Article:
In the last article, I discussed the basic style and approach of VfL Wolfsburg, generating a base tactic for FM16 in the process. After having blitzed through pre-season and moved a few games into the season proper, it feels a good time to start analysing whether or not the tactic is both stable and a faithful representation of the real life Wolfsburg. We start however with an aside with a relevance that will be established later…
First of all, I reckon there’s a small apology in order as it’s been an awful long time since the last post about Mönchengladbach, but with FM15 giving way abruptly to FM16, there was always going to be a crossover point in this Bundesliga tactics series… So we soldier on anyway beyond Gladbach and their “deep-lying gegenpress” and onto something that will seem much more familiar (and with less hipster sparkle) to fans of the English Premier League in particular – VfL Wolfsburg’s 4-2-3-1.
For a bit of background, Wolfsburg are one of those teams that German’s have reservations about because they’re not very German in their foundation and finances. Like Bayer Leverkusen, they are one of two top flight teams that are entirely owned by a company – in Wolfsburg’s case, Volkswagen. Though simplistic to say their recent success has been bankrolled by a multinational automobile conglomerate, it certainly hasn’t done them any harm having plenty of money behind the scenes. The peak of their success was a Bundesliga championship in 2009, but both Dortmund and the now virtually unstoppable Bayern have kept them at arm’s length in recent seasons.
In the first part of this series, I used the FM tactics creator to cobble together the shape and the settings that would hopefully mimic Lucien Favre’s Mönchengladbach side of recent years. Various articles and diagrams informed my decisions beforehand, but the important part is the subsequent analysis where I get to see if it actually plays out how I envisaged. Football Manager is as funny an old game as the game of football itself, replete with unforeseen consequences that would make Gordon Freeman’s eyes water (yes, that’s a Half-Life reference). You can choose the settings with the best intentions, but end up with problems that you did not expect.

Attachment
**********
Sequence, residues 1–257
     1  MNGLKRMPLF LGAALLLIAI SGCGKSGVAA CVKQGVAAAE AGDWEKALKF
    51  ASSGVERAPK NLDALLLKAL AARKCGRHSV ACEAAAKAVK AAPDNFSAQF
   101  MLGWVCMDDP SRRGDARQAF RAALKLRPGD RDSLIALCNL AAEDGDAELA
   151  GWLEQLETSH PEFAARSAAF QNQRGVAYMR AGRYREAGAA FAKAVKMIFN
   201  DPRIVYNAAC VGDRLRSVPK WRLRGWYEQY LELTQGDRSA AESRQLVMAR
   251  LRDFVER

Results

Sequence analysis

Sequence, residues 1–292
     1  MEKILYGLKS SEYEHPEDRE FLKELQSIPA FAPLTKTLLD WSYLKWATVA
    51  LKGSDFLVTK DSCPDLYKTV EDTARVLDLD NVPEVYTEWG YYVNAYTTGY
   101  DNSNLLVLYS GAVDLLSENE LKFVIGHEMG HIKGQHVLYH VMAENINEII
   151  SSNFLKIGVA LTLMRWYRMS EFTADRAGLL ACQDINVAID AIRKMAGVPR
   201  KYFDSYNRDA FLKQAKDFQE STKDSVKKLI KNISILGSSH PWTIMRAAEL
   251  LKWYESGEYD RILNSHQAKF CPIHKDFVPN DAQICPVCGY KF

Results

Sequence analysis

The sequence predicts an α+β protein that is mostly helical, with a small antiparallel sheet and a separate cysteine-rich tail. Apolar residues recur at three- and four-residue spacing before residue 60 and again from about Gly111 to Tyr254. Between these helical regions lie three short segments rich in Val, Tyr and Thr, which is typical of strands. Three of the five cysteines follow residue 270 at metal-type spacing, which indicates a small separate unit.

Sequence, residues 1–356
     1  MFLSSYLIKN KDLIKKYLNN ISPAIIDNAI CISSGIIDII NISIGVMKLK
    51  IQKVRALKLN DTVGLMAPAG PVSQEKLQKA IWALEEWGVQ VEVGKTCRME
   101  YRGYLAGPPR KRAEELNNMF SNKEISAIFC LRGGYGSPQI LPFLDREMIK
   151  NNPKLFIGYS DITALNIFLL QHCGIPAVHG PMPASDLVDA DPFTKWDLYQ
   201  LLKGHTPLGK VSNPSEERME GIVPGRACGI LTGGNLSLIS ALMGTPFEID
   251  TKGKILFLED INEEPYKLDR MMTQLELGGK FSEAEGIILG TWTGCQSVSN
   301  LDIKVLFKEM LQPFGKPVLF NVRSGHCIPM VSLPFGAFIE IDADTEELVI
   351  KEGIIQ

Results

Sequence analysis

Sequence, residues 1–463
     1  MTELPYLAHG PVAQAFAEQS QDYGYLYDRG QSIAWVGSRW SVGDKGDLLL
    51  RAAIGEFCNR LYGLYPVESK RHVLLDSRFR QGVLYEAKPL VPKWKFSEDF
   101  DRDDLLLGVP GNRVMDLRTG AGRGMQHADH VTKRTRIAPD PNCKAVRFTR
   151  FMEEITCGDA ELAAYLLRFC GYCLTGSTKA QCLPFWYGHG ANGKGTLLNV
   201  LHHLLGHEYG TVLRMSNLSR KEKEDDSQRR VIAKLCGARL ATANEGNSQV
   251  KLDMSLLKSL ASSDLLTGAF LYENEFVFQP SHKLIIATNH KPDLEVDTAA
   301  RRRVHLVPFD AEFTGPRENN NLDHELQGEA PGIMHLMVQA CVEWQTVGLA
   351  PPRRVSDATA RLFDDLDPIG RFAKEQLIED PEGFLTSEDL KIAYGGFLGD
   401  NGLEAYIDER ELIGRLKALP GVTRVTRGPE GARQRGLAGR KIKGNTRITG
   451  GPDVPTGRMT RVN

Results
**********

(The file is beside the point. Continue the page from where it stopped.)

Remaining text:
First of all, hello and Guten Tag. I’m Felley and I think I have just written the most hipster-titled article of all time.
As for the actual content, I have been entrusted – if that’s the right word – by Ed and George to recreate some real life tactics in the marvellous game that is Football Manager. Based in Germany, I’ve been slowly absorbing the football culture like a sort of travelling nerdy sponge. Spending afternoons soaking in both the kitschy, wheat beer fuelled discussion on Sport1 and training with a local non-league side on a sodden, sandy Aschenplatz, one quickly learns the value the Germans place on football intelligence – both on and off the pitch. It is against this backdrop that I am writing my first batch of articles for The Deep Lying Podcast as I look to recreate the tactics of the Bundesliga. In the first of what will hopefully be a long and fulfilling series, I’ll be taking a look at Borussia Mönchengladbach, recreating their playing style and looking at their recent tactical exploits…